The significance of offline medium in launching products and sales is evident in the efforts of the leading Chinese smartphone manufacturers, such as Huawei, Oppo, Xiaomi, and ZTE, to maintain the annual biggest show of the mobile sector before its cancellation because of the concerns of the outbreak of coronavirus. The companies dispatched crews of workers to Spain weeks before MWC Barcelona after the organizers said that it would be a requirement for all visitors to substantiate that they had not visited China for not less than two weeks before the occasion.
Nonetheless, after the withdrawal of the major participants such as LG, Nokia, Vodafone AT&G, Sony, and Intel from the show, the organizer GSMA had no option but to call off the entire exhibition, which was to take place from 24 to 27 initially.
Oppo said it approves the decision of GSMA, reckoning that the firm has adjourned its global meeting of Oppo Find X2 that was to happen two days before MWC Barcelona. Xiaomi adjourned the global launch of its Mi 10 series product initially slated for February 23.
Wu from Strategy Analytics said that Vivo, which had declared its aim to withdraw before the cancellation of the show, was instead "greatly promoting is online-focus series, which is expanding to India this quarter". he further added that "growing in markets abroad has a more long-term focus."
With the launching of new products and the continuing overseas expansion, though mostly through online marketing, the focus is to resume full-scale production at the factories of Chinese smartphones, which subcontractors operate such as Foxconn and Pegasus, which make 70 percent of globally sold smartphones.
Conventionally, the duration between February to March is the phase where manufacturers test a product before beginning mass production after the Lunar Year holiday. Report by IDC said that “any alteration in the plan of a product in the first half of the year will hurt medium and even long-term plans,” reckoning that it predicts that the Chinese smartphone sector will decline 4 percent in 2020.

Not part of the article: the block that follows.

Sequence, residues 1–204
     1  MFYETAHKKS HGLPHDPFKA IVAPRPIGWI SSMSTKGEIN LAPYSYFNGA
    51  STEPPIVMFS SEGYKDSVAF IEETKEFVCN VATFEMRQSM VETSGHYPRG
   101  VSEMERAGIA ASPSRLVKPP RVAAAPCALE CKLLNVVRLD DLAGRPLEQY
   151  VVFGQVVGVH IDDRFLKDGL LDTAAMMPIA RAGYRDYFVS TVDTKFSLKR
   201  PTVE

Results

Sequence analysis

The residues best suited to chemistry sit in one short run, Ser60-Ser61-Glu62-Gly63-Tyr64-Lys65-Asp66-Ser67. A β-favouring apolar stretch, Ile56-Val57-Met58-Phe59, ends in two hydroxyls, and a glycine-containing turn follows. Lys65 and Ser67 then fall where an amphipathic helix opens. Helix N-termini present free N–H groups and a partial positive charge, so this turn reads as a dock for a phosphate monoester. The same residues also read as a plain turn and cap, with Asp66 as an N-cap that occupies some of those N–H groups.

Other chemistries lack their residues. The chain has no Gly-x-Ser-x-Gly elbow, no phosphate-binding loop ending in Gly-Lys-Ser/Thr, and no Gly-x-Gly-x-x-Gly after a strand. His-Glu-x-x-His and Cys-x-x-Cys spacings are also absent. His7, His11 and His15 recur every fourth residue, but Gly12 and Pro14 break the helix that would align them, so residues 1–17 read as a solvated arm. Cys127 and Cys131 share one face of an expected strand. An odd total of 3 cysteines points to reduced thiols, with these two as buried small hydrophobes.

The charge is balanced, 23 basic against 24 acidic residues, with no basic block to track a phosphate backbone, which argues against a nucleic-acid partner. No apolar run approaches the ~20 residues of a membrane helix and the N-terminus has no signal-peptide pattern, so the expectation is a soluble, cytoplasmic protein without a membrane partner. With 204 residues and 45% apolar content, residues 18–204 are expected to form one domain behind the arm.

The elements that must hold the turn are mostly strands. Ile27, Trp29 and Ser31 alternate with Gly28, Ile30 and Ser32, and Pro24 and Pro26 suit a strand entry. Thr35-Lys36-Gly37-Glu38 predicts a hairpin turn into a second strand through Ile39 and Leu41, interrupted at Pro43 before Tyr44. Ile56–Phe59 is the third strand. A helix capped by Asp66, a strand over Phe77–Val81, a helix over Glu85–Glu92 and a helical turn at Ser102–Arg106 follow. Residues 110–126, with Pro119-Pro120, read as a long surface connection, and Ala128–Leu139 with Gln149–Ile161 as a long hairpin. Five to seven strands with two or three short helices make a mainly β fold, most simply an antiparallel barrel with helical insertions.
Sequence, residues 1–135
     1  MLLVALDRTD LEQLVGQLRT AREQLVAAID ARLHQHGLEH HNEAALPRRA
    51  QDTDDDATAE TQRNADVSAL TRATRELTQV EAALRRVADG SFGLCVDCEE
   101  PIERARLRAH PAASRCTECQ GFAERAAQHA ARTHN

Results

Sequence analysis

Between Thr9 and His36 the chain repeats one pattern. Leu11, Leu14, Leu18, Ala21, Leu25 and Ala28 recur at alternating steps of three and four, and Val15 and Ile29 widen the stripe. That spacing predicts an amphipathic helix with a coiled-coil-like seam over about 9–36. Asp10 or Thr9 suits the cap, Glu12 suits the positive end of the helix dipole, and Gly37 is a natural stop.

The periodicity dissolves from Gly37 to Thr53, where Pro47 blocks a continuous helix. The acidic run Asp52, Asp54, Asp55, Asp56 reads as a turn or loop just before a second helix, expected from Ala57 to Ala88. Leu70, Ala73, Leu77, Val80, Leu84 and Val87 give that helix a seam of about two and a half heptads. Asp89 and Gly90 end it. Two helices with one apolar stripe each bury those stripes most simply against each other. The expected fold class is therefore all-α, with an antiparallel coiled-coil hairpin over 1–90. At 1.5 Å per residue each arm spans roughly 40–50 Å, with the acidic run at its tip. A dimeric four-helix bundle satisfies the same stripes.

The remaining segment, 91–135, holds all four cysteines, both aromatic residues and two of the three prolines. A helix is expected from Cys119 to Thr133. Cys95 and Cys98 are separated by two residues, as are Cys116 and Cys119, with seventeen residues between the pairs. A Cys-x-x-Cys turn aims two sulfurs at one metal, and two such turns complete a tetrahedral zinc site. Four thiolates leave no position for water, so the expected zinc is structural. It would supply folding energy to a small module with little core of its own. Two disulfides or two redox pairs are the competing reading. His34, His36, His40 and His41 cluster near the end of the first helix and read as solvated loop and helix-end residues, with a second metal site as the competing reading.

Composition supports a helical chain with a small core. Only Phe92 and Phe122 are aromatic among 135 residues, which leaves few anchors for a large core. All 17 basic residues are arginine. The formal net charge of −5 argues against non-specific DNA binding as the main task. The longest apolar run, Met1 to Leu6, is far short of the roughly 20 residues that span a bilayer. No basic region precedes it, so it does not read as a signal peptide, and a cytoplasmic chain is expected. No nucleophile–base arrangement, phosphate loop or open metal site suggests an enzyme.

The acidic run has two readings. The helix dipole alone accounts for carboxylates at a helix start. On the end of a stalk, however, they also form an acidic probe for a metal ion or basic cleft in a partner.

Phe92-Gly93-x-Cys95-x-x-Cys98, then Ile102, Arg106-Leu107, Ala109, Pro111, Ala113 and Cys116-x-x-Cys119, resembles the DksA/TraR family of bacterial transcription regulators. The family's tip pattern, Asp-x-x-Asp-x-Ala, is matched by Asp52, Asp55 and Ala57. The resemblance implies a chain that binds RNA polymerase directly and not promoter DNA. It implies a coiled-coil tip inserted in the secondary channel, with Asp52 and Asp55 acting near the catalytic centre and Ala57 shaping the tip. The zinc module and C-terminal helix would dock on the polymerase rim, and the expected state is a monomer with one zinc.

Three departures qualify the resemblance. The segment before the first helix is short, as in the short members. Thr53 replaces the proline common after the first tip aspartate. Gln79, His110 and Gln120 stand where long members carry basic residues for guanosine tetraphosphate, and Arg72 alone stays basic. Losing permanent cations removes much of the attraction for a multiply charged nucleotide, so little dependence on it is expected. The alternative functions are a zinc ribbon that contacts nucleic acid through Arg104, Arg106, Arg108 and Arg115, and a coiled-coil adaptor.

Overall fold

If subcontractors of smartphones such as Foxconn, Pegatron, and Flex-which make phones for brands such as Apple and Huawei- fail to resume full production in a short period, it could prevent the ability of brands to bring their newest gadgets to the sector.
According to a report by state-owned media Xinhua, Oppo is seeking to bridge the shortage by delegating most of its production to centers of manufacturing in Indonesia, Algeria, India, Bangladesh, and other nations.
The vice-president of Oppo, Shen Yiren, posted on Weibo that the crisis will significantly impact on the production of its upcoming prototype smartphone since there will be tight supply. She reckoned in the post that "the productivity of any segment of the chain of supply, even the packaging box, will affect the factory production of the whole phone."
With the experience of a shortage of resources in the medical sector, some electronics firms have begun making protective face masks for themselves. The leading supplier of Apple, Foxconn, has altered some of its production lines to make surgical masks for its employees, as it adjourns to the continual of the full-scale output as a result of the crisis. At the same time, Vivo is alleged to have two production lines dedicated to producing masks.
Jia said that "factories are taking steps to mitigate the coronavirus but producing mobile (device) consumes a lot of labour…it will be disastrous if one case of the virus is found in the factory. "nevertheless, if production fails to resume, the firms incur huge daily losses."
Automation could assist in the quick recovery of production lines amid the crisis. Taiwanese-owned Foxconn anticipates to fully automate 30 per cent of its China production within the year. Zaker Li, a senior analyst of the industry at Markit said that “automation can provide a solution and it is a trend, but the process of automation requires high cost of investment.Source